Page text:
Belmopan – A delegation from the U.S. government’s Millennium Challenge Corporation (MCC) led by Chief Executive Officer Alice Albright departed Belize today after a productive visit to introduce the agency’s development grant program – an MCC compact.
During the three-day visit, Albright was joined by MCC’s Deputy Vice President for Europe, Asia, Pacific, and Latin America Jonathan Brooks, and met with Prime Minister John Briceño as well as other senior officials from the Government of Belize, business leaders, civil society organizations, and partners in the donor community. A focal point of the discussions was MCC’s analytical and collaborative approach to fighting poverty through economic growth and next steps in the compact program development process.
“The MCC Board selection of Belize for compact program development recognizes the Belizean government’s commitment to democracy, sound economic policies, and investing in its people,” said Albright. “This visit marks the start of a new phase of the partnership between Belize and the United States, through the Millennium Challenge Corporation, that has the potential to drive growth and prosperity for the Belizean people while ensuring the poor, women, and historically marginalized groups benefit from our efforts.”
MCC’s Board of Directors selected Belize as eligible to develop an MCC compact program in December 2021. Compacts are five-year agreements between MCC and an eligible country to fund specific programs that target key constraints to economic growth.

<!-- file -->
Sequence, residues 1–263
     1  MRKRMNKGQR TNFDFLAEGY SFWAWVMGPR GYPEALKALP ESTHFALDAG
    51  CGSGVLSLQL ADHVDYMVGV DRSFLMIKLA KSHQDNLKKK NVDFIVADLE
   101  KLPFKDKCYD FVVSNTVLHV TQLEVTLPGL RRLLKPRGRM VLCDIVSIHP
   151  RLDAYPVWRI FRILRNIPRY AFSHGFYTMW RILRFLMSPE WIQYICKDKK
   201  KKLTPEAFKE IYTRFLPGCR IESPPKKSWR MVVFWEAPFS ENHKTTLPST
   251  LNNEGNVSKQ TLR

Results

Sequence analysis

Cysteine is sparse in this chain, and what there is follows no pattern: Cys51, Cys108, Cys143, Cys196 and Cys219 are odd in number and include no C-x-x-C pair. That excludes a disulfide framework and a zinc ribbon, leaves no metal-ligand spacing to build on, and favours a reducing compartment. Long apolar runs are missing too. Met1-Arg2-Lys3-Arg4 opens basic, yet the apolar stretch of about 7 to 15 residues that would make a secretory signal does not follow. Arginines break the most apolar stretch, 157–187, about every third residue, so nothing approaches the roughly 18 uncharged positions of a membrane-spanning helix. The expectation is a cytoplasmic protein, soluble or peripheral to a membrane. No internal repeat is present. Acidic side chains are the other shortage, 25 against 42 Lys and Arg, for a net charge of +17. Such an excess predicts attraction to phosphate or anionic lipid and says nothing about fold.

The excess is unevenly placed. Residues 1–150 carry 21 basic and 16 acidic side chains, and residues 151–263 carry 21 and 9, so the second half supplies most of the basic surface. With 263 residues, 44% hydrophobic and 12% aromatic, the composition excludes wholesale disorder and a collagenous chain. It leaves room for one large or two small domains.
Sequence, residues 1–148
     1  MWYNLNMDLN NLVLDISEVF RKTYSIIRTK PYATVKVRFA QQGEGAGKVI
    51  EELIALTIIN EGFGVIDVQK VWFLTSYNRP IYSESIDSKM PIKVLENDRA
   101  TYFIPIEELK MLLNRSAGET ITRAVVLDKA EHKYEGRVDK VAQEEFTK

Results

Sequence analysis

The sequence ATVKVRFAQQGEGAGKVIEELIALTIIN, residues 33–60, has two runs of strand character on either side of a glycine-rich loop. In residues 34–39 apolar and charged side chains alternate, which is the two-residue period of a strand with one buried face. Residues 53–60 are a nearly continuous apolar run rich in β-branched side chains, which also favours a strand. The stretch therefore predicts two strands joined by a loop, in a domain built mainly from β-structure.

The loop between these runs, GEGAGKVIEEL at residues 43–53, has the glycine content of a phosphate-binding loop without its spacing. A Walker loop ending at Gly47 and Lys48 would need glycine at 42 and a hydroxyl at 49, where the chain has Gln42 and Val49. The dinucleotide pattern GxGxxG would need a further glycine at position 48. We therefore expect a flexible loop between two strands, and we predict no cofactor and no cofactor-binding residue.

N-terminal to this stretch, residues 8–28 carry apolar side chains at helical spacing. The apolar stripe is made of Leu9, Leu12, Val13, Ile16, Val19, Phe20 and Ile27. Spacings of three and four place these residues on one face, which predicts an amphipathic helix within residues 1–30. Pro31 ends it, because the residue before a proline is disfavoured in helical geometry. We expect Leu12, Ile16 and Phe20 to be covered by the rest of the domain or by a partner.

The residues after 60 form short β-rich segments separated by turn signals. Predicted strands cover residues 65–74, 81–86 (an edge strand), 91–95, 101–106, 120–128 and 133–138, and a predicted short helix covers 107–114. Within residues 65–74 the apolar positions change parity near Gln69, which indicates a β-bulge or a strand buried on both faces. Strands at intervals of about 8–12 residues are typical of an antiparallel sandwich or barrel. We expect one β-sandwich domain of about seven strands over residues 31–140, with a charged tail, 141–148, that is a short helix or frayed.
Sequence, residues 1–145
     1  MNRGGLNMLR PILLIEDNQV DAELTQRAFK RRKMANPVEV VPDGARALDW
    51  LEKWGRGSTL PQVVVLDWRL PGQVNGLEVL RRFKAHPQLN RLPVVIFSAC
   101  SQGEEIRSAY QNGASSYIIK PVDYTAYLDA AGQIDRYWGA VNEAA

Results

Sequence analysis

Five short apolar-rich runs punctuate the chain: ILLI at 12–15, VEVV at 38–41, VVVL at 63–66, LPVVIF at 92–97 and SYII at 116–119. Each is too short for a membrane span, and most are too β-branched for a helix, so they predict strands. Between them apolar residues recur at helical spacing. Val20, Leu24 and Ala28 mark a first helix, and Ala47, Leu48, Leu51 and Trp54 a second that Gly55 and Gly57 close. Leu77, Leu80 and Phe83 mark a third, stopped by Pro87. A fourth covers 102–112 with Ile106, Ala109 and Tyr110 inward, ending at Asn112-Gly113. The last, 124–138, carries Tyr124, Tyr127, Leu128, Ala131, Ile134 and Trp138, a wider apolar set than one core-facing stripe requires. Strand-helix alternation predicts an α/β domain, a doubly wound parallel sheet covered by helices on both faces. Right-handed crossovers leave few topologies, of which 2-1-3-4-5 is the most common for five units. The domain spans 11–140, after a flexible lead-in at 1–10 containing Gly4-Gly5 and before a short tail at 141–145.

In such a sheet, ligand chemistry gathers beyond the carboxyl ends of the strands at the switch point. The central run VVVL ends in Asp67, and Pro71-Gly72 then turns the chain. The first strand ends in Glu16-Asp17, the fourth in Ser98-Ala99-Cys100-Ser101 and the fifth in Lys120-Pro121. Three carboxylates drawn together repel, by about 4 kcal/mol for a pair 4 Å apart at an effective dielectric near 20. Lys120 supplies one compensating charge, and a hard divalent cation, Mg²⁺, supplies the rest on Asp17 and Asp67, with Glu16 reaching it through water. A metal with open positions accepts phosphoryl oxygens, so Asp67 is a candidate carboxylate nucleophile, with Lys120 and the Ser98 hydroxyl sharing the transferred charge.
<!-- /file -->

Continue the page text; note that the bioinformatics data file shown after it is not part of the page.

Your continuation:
“The United States is committed to working with our partners in the Belizean government to bring greater prosperity and support good governance for the benefit of all the citizens of this great nation. We look forward to getting started on the compact development process,” said Leyla Moses-Ones, Chargé d’Affaires, a.i. at the U.S. Embassy in Belize.
Using a country-led approach that is climate-smart and prioritizes gender and social inclusion, MCC works with local partners to tackle some of the most challenging economic constraints that developing nations face such as the high cost of electricity, access to finance, regulatory burdens to doing business, and access to education.
The Millennium Challenge Corporation is an independent U.S. government development agency working to reduce global poverty through economic growth. Created in 2004, MCC provides time-limited grants that pair investments in infrastructure with policy and institutional reforms to countries that meet rigorous standards for good governance, fighting corruption and respecting democratic rights.